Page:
Abstract

This paper investigates the association between the number of sources of advice entrepreneurs utilize and subsequent performance. Specifically, we explore diminishing returns to scale between the amount of advice received and performance.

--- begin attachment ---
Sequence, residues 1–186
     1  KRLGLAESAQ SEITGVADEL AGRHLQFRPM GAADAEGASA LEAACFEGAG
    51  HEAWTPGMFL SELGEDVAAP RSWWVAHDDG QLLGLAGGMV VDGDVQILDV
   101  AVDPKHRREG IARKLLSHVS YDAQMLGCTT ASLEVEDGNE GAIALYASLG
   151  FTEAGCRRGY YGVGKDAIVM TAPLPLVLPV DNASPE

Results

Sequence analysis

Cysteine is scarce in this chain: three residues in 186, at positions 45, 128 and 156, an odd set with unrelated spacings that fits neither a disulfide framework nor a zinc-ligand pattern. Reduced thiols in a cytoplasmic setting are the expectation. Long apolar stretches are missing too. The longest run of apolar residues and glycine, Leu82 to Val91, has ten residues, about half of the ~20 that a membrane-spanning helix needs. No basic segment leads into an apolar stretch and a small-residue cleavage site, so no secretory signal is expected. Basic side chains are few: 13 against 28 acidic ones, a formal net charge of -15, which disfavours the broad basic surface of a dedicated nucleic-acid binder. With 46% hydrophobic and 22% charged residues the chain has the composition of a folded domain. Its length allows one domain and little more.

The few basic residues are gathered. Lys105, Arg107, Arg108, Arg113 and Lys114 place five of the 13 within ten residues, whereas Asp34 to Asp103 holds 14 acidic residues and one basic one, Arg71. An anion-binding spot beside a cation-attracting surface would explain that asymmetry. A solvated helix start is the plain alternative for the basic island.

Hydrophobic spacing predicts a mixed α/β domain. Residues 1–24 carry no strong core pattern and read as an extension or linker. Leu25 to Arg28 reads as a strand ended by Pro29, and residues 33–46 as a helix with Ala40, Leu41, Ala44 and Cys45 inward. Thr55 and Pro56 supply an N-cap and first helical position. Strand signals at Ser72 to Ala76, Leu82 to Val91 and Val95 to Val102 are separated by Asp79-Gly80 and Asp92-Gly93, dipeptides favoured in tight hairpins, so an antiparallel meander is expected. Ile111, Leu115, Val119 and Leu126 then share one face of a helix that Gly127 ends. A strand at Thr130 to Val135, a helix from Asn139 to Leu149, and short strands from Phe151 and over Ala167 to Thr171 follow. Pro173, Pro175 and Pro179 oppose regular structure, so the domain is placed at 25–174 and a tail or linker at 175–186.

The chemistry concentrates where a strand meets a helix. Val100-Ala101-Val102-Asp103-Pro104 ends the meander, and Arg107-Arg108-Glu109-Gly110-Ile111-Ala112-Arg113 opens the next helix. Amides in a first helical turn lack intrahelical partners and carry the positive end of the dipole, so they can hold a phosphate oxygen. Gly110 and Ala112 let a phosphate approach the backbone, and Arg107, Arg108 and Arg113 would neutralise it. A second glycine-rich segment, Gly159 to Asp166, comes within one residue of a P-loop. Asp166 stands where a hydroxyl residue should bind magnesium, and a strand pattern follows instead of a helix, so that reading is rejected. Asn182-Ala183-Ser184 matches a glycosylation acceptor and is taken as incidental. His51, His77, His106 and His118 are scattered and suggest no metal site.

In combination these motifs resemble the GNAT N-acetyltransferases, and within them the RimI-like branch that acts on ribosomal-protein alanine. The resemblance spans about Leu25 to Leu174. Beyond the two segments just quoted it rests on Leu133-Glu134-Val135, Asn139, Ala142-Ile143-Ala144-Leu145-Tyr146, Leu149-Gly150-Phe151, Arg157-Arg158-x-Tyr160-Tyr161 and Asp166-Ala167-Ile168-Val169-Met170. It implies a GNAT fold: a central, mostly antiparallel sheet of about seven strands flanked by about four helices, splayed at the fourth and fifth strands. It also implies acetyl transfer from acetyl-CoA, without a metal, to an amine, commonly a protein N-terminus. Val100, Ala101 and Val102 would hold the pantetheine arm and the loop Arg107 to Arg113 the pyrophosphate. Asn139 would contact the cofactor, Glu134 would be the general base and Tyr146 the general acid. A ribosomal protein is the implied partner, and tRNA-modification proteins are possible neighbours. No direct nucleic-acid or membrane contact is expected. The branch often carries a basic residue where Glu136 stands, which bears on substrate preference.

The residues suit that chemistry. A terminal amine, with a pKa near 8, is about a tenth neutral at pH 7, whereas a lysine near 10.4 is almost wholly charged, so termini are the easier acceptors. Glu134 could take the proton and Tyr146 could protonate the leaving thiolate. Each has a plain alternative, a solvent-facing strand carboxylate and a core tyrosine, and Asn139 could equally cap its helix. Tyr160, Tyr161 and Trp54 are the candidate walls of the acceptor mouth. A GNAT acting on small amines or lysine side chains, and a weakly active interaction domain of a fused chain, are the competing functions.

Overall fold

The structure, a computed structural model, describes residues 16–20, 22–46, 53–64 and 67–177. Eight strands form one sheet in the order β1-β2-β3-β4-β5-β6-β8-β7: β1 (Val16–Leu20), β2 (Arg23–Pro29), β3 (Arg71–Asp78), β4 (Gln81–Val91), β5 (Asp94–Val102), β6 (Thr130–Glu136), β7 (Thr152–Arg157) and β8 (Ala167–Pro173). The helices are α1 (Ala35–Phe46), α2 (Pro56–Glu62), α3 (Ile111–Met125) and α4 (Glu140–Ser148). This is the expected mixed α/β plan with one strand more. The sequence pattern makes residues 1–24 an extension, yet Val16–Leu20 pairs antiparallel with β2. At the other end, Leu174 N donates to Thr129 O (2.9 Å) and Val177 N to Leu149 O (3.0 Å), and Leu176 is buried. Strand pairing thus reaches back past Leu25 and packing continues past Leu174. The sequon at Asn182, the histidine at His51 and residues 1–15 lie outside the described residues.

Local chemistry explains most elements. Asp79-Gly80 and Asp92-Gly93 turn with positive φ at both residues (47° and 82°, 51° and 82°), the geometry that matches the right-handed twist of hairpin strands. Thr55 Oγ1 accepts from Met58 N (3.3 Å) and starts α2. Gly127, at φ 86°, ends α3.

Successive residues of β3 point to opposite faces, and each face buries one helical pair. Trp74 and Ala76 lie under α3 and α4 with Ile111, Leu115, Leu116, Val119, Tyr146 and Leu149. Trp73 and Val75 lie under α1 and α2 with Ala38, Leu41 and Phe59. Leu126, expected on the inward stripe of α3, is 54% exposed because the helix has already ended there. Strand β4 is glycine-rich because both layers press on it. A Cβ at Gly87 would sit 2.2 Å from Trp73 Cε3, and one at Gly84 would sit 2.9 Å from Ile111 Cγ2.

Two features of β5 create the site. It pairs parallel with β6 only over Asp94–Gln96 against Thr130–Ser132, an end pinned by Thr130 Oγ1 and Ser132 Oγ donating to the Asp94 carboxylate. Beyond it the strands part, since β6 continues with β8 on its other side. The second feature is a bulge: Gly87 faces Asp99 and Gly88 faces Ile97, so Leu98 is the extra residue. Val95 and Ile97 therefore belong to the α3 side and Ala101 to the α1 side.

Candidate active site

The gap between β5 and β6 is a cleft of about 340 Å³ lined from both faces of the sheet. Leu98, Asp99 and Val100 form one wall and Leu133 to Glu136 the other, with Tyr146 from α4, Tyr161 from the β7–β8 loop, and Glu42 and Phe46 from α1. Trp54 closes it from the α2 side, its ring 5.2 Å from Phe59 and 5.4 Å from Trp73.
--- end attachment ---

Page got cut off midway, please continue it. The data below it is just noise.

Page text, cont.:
The emerging theory of outsider assistance suggests that outsider assistance leads to creation of knowledge that positively influences performance. At some point in the learning process an entrepreneur will have obtained most of the relevant information, and obtaining advice beyond this point will have a detrimental effect on performance. Social network research present similar findings; a larger network is more likely to provide entrepreneurs with more information and more non-redundant information. An inverted U-shaped relationship between network size and performance has been suggested, resulting in an optimum level of resources that should be devoted to networking. The purpose of this research is to apply these propositions to a representative sample of new businesses in Norway.

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